Isan dishes from northeastern Thailand began appearing on NYC menus in the 90s, but they didn’t come into their own until the following decade, when restaurants with “zabb” or “zaab” in their name (meaning tasty) started appearing in the East Village and other neighborhoods outside of Queens. Though these places offered a good measure of the cuisine’s fiery and meaty larbs, papaya salads, sour sausages, and grilled chickens, they still served the noodles, creamy curries, and basil stir fries that had characterized earlier Thai menus. But eventually, cafes that pretty much restricted themselves to Isan fare materialized, starting with Somtum Der and proceeding through Hug Esan, piloted by chefs intent on presenting the regional cuisine in its fullest form. The latest is Zaab Zaab, located at 76-04 Woodside Avenue, at 76th Street, in Elmhurst.
Chef Aniwat Khotsopa opened this exciting new spot three weeks ago on Elmhurst’s two-block Thai strip along Woodside Avenue. Though born in Isan’s capital of Udon Thani, he spent 25 years working at Jaiya Thai — founded in 1978, it was one of the first restaurants to introduce Thai cooking to the city, and multiple locations eventually opened but only the Murray Hill location remains today.
Zaab Zaab is a breezy, well-decorated space with plenty of outdoor seating, sharing the street with a half-dozen other Thai restaurants, a grocery, and other businesses. The interior flaunts a striking painted ceiling, depicting roosters, stars, and confetti; a neon mortar representing the preparation method of the cuisine’s papaya salads shines on one wall; and a glassed-in open kitchen, with — somewhat surprisingly — Chinese-style roast ducks hanging on hooks face a bar where wine, beer, and sake cocktails are served.
The menu focuses on those ducks. Foremost is larb ped udon ($19), a deliriously good take on the Isan salads, often focusing on ground meat, we’ve come to love. This one boasts not only minced duck, but also tidbits of skin and liver, making the dish multi-textured and hopelessly rich. The recipe, which comes from the chef’s hometown, features a strong note of the gingery galangal root that’s charred for extra flavor. The dish is spiked with a healthy dose of chiles, and accompanied by lettuce leaves for wrapping and dipping in the dark juices that pool on the plate. Fresh herbs like cilantro, mint, and even dill are also provided — but notably, there’s no basil.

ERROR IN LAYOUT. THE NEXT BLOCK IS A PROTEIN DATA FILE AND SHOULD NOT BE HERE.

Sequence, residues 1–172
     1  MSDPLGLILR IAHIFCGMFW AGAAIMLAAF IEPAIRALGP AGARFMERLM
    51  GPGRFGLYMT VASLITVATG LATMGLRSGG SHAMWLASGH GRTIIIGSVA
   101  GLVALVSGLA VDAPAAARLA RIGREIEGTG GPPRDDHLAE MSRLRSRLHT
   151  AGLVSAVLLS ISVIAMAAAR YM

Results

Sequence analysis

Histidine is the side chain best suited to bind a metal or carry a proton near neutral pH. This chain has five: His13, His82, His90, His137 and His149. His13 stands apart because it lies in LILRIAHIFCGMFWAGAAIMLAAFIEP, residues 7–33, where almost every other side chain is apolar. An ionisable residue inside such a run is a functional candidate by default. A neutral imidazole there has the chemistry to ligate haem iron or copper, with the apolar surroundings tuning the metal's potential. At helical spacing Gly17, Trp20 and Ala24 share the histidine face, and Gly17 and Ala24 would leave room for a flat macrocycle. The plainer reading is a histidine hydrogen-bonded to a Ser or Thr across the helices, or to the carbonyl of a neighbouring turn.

Indeed, that licoricey herb is a sort of no-fly zone for the chef. It’s also absent from the menu’s second-best dish, mieng pla prow ($35). Since Isan lies along the Mekong River, fish and other aquatic creatures are an important aspect of the cuisine — such as this roasted tilapia marinated in spices and crusted with salt. Lemongrass and pandan (aka screwpine, an astringent leaf) have been stuffed in the cavity, and the fish’s skin is peeled back for easy access. (Don’t bother eating it though, it’s too salty nor does it have that appealing crispy texture.)
An array of herbs and other greenery are also presented on the tray, along with a pair of sauces — one dark and sweet, the other briny and citrusy — and a tangle of rice noodles. Wrap each morsel of fish in a lettuce leaf, adding noodles and herbs, and then dip the package in the sauces. Each nibble is heavenly.
Other river creatures are also featured. You can fortify your papaya salad with pickled black crab ($16.95), which adds crunch and a funky flavor — though the crab takes some effort to chew. This and other papaya salads on the menu deploy a fish sauce made on the premises, thicker and more flavorful than the usual bottled variety.
Looking across the river to a dish also enjoyed in Laos, hor mok is a banana-leaf-wrapped pyramid stuffed with either catfish or pork belly and bamboo shoots. There are small chiles in the mix, but the most distinctive effect comes from bai yanang, an herb whose sour flavor is a memorable departure from that of lemongrass, subtler and more creamy. Indeed, the chef strives for taste sensations not often found in Thai restaurants here. While the few other versions of hor mok I’ve tried (most notably at Ugly Baby and the late Mondayoff) have been custardy, this one is soupy, suggesting you should order some sticky rice to go with it.
One frontier Zaab Zaab has crossed when it comes to Thai food involves offal. Apart from the stray cubes of pig blood added to soups in many restaurants, organs are uncommon (yes, blood is an organ). Besides the liver mentioned in the duck larb above, other meat salads feature gizzards and liver (chicken larb), and skin and liver (pork larb). Tom hang ($19) is even more organ intensive. The simply steamed collection of cow tripe, spleen, and intestine makes no attempt to hide the nature of what you’re eating with sauces or salads, but provides a pair of pungent dipping sauces.
This emphasis on organs is one way Khotsopa and Zaab Zaab are expanding our idea of what Thai food can be, justifying its status as one of the most interesting cuisines currently flourishing in the city.